In Vuosaari Harbour, there are over 300 solar panels in total on the roofs of two buildings. In autumn 2020, West Terminal also received its own panels when 200 of them were installed.
“The panels are now covered in snow, but once they start operating, they’ll produce a total of 145 megawatt hours of electricity per year. That is equal to the annual consumption of almost a hundred flats or a dozen detached houses. The calculated reduction in carbon dioxide emissions is about 20 tonnes a year,” says the Port’s Construction Manager Pekka Haikonen.
“Currently, we’re studying where we could install the next solar panels. We already have a few locations in mind.”
The water needs of terminals are often overlooked
In addition to developing a solar electricity system, the Port is also working on improving the heat recovery of the ventilation machines and optimising building automation.
In practice, this means that ventilation in the terminals can be boosted during peak hours and slowed down between the peaks.
“We’ve also introduced various technical solutions in the terminals to prevent water being wasted. It’s often overlooked how much water the toilet facilities and restaurants of the terminals need,” says Property Manager Joni Nyholm.
Development ideas from passengers and neighbours
According to Joni Nyholm, the COVID-19 pandemic has also had positive effects on the Port’s properties.
“Since passenger traffic slowed down, we’ve been able to think about various ways of saving energy in the terminals’ routines. We’ve had time to think about proactive maintenance and repairs more analytically than usual.”
Once passengers return to the terminals, their feedback will be heard carefully.
“We’ve gained great ideas regarding energy conservation from passengers’ suggestions and dialogue with the Port’s neighbours. It’s great that we’re all collectively concerned about what kind of a world we are living in and leaving behind for future generations.”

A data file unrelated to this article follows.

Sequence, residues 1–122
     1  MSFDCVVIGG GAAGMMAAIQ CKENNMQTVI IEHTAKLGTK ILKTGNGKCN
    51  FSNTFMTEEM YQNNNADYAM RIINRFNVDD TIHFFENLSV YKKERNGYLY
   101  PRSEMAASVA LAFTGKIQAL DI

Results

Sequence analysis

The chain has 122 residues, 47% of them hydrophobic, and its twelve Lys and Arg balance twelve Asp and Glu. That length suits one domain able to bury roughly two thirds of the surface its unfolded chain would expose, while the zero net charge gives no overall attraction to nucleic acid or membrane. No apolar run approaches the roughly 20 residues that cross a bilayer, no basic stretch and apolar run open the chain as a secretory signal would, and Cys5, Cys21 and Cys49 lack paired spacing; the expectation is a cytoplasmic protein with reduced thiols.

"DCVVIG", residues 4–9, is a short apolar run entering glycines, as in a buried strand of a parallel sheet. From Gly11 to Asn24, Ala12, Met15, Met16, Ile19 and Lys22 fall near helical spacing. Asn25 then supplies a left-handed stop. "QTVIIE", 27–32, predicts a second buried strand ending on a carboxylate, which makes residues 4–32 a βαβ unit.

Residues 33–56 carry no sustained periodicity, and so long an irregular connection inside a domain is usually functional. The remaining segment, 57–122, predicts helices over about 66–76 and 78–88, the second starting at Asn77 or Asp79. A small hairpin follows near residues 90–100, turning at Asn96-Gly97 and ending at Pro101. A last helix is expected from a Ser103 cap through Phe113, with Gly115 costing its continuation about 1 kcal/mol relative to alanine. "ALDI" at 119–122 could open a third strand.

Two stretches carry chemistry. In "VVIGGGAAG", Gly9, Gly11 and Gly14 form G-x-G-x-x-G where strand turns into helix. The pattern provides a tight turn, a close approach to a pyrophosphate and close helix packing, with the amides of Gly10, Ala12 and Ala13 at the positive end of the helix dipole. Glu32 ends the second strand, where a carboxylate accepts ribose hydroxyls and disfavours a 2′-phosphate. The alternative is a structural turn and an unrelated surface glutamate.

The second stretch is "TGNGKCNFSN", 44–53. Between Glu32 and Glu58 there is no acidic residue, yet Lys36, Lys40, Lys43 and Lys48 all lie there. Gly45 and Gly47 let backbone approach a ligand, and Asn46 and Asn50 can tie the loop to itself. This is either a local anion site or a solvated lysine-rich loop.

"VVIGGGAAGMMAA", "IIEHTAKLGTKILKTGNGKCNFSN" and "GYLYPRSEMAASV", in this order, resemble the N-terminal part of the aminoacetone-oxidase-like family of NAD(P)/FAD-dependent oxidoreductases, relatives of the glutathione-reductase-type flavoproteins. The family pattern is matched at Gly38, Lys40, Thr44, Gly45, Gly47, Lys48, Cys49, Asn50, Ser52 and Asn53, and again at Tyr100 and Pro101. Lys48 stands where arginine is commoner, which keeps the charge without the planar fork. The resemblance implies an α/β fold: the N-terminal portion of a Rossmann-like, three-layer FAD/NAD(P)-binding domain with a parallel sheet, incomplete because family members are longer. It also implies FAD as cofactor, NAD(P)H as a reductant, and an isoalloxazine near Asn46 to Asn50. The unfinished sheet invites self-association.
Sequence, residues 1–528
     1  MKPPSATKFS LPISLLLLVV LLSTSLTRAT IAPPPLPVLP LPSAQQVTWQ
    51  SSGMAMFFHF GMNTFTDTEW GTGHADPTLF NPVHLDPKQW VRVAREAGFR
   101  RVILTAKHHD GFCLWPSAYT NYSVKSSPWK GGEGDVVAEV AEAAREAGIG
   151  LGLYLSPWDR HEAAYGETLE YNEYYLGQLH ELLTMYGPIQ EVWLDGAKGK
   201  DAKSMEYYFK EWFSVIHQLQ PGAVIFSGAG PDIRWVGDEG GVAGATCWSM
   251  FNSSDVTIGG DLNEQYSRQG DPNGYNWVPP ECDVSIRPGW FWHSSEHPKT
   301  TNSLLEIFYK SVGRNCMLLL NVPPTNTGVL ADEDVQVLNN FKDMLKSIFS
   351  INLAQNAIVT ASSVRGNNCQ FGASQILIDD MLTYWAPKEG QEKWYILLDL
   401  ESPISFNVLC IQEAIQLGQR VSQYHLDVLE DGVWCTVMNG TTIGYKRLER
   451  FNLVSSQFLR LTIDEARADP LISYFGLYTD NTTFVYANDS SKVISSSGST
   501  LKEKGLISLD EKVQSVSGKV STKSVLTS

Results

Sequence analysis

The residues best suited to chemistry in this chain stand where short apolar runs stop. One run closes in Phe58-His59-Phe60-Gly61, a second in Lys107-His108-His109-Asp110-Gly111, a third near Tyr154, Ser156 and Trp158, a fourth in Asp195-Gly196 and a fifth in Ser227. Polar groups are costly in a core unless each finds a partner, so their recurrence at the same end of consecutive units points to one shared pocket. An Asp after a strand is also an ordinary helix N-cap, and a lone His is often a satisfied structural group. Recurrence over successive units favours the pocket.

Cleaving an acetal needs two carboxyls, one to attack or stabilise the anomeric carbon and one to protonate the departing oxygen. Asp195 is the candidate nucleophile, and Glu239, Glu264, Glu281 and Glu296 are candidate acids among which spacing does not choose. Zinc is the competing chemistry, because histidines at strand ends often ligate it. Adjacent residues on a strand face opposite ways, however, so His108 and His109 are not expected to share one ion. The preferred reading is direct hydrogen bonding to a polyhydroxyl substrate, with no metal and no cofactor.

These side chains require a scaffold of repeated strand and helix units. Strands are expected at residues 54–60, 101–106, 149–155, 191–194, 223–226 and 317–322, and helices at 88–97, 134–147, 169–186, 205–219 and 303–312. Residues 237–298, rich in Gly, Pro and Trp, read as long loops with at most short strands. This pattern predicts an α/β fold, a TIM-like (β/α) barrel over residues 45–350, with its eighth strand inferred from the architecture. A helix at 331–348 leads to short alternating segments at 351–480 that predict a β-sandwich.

Help from artificial intelligence and algorithms
The Development Manager of the Port’s Cargo Traffic Unit Jani Lindroos summarises the development by saying that emissions reduction is a megatrend that cannot be ignored by any operators.
The Port of Helsinki aims to achieve carbon neutrality by 2035. Energy efficiency is a part of this entity, and it is also promoted through new technological solutions.
“Many new technologies are being tested in the field of harbour operations. There are also ongoing AI and algorithm projects with the goal of increasing the efficiency of devices. You can save energy when you work more on relevant things and less on the irrelevant,” Lindroos says.
New technologies to be used by everyone in the harbours
Lindroos is interested in studying how to reduce the emissions from machinery and vehicles in the harbour areas.
A project is underway to survey which harbour machinery could be electrified. The majority of this machinery belongs to the Port’s partners, shipping companies and port operators.
“The Port of Helsinki itself produces a fairly small proportion of the emissions from the harbours.
Because of this, our job is to support and facilitate the adoption of new technologies among our partners while also watching our own carbon footprint,” Lindroos states.